I feel a little terrified of writing about Feminism. I haven’t read tonnes of feminist literature. I don’t understand all the different views, and I can’t explain the feminist theory behind all those different views.

Feminism is something that evokes passion. It should – when you consider it isn’t that long ago that there were even fewer women in positions of power than there are today, women weren’t entitled to an education, and there were certainly less options for women. For many of my generation living in the developed world, it’s almost so ridiculous that women were ‘secondary’ in even the most fundamental ways that maybe we’re a bit disbelieving.  And yet we know, there are women all over the world denied even the most basic rights, let alone an education. The kidnapping of over 250 schoolgirls in Nigeria is a distressing case. So surely feminism is a cause that all women (and men) should have a view on and certainly in a global sense someone still needs to be fighting for.

But maybe like me, you feel a bit intimidated by the academics, and conflict of articles heralding someone as a feminist one minute and then tearing her down the next because she’s grinding about on stage and apparently allowing herself to be objectified. Obviously I’m talking about Beyonce – it’s always about Beyonce. It all leaves me a bit uneasy about the F word.

Since starting this blog I’ve started doing some reading – I guess I’ve felt that I can’t bang on about sisterhood and not have a clearer idea of what I think feminism is. I have met Doug’s side-long glances at the books on the bedside table with assurance that I won’t be growing my mo’. It’s not because he’s an arse. He probably wouldn’t call himself a feminist, but fundamentally he believes men and women are equal, so in that regard he is. Prior to now, I don’t think I would have called myself a feminist. Nothing has changed – I’m embarrassed to admit I just hadn’t paid enough attention to what it was, and what I learned about it studying English Literature and History at college and University felt so far removed from someone growing up and forming opinions in the 90s that I pushed it in to a pool of things I had to learn to pass exams, not that interested me.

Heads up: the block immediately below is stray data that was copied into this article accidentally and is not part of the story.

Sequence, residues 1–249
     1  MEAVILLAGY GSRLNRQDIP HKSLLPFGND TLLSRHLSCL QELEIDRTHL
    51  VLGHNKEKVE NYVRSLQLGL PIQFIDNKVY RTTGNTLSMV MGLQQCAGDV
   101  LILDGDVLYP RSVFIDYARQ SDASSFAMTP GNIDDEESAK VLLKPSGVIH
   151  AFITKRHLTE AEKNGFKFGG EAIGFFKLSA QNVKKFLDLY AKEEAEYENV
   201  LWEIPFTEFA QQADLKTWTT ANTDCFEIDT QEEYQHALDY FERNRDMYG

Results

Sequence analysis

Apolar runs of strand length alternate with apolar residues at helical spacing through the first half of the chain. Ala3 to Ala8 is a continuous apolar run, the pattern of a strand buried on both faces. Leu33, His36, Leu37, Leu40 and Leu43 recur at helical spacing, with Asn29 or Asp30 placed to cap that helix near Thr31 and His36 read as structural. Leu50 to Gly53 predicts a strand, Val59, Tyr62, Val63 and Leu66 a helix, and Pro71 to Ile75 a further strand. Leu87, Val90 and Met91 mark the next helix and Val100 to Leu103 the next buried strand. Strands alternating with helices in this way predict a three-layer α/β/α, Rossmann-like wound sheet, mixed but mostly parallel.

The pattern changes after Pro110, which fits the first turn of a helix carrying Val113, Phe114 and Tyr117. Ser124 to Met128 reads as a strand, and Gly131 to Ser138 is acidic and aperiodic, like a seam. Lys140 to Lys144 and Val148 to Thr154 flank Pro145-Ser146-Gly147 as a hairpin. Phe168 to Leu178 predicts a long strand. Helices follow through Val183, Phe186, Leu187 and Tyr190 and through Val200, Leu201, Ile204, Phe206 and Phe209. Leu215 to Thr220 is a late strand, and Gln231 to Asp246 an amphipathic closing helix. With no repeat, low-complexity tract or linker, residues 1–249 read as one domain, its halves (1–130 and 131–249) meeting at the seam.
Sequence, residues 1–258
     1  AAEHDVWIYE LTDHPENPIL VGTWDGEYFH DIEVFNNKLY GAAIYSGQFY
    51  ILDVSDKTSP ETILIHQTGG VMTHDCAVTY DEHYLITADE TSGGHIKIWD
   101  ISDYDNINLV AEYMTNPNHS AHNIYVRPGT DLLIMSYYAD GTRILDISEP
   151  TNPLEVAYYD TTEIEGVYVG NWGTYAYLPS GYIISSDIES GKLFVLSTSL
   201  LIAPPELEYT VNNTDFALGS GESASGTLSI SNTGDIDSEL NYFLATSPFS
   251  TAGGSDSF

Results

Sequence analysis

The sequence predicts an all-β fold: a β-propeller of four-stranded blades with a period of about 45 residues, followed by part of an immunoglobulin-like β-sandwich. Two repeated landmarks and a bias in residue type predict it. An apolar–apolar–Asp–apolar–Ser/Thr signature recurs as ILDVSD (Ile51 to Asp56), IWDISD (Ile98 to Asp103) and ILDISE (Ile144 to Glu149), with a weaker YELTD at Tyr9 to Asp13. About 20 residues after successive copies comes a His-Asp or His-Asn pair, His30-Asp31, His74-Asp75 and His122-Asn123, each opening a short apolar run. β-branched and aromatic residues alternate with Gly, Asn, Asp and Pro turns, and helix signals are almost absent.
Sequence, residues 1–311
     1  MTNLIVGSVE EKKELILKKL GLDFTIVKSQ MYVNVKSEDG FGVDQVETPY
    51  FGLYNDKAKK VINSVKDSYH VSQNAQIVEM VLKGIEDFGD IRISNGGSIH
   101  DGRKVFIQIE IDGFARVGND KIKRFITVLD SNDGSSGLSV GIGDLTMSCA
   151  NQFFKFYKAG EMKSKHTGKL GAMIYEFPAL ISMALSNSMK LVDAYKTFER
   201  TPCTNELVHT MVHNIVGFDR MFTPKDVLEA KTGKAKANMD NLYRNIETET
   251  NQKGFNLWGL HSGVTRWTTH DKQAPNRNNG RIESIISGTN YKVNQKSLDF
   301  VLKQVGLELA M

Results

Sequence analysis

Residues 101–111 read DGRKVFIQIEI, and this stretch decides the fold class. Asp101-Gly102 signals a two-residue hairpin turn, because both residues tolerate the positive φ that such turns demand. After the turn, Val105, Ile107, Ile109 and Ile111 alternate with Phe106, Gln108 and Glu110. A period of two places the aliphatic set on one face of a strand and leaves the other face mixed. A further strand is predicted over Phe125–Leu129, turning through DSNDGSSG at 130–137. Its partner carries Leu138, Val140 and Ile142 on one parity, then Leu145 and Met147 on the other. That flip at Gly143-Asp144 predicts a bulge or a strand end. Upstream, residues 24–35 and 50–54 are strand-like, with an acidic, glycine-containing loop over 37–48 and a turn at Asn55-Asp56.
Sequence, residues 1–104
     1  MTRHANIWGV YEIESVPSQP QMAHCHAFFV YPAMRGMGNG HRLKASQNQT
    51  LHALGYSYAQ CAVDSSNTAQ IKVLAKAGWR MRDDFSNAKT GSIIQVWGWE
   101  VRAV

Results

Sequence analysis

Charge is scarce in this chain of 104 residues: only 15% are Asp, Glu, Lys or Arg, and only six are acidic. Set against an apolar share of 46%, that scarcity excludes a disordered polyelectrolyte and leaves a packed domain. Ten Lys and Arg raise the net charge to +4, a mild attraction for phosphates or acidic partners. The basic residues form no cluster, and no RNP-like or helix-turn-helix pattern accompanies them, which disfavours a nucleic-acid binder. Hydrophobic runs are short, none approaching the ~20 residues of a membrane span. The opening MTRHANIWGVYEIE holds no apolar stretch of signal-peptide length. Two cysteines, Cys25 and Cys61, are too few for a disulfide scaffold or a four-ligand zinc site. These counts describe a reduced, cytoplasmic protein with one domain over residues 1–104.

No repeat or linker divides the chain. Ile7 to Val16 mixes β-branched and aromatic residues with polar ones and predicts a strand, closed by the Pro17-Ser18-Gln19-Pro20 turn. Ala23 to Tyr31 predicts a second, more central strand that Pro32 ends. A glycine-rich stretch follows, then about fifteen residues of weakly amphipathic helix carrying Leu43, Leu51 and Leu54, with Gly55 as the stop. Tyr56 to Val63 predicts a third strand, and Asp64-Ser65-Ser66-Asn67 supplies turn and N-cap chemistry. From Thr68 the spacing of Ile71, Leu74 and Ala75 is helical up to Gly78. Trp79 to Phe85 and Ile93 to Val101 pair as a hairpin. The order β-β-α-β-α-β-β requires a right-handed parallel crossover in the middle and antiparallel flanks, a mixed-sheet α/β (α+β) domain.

So what is feminism? To confuse matters, there are lots of different versions and definitions, and the most outspoken feminists insist that their feminism is the right one. What started as a movement became a subject, and with it a string of theories to be criticised and torn down by fellow academics. That vision of feminists as ugly-clothes-wearing and hairy seems like such a negative and pitifully easy stereotype that people still associate it with.  Some feminists do believe that hair removal goes against the cause, or that in applying make-up and certain clothes we’re succumbing to the objectification of women by men. Women ‘using’ their sexuality goes against some views of feminism. There are daily debates about the latest Beyonce/Rihanna video. Marriage and changing your name isn’t the done thing in some literature. So does that mean I can’t be a feminist, because I have hair I’d term ‘unwanted’, became Mrs Douglas and love trashy pop music, all-the-better if it makes me want to grind?

Starting at the very beginning – in the words of Julie Andrews – feels like a very good place to start:

The Oxford English Dictionary defines feminism as ‘Advocacy of equality of the sexes and the establishment of the political, social, and economic rights of the female sex; the movement associated with this’.

In How to be a Woman Caitlin Moran says to decipher whether you’re a feminist, put your hands down your pants and ask yourself a) Do you have a vagina? and b) do you want to be in charge of it? If so, you’re a feminist.

Sheryl Sandberg, Chief Operating Officer at Facebook, says she embraces a feminism that is ‘a belief that the world should be equal, that men and women should have equal opportunity’.

And lastly, just because I think it’s a great quote, last year Dame Helen Mirren was interviewed for Time Out London, and apparently became angry when asked if she’d signed up to feminism. ‘I didn’t “sign up”! For me feminism is just fucking obvious. It is not an ideological or political thing. We’re half the population. I don’t even see this as a cause: it’s just fucking obvious!’

I find it hard to believe that anyone I know – man or woman – would disagree with any of these statements and associations with feminism. And yet I imagine if I asked them all if they consider themselves to be feminist it would reflect the polls of the last few years that only around 20-25% of people would describe themselves that way. I wonder if this is for two reasons – 1) the negative associations with feminist argument and fear of getting it ‘wrong’ and 2) a lack of alignment between the theory and the reality that we live in.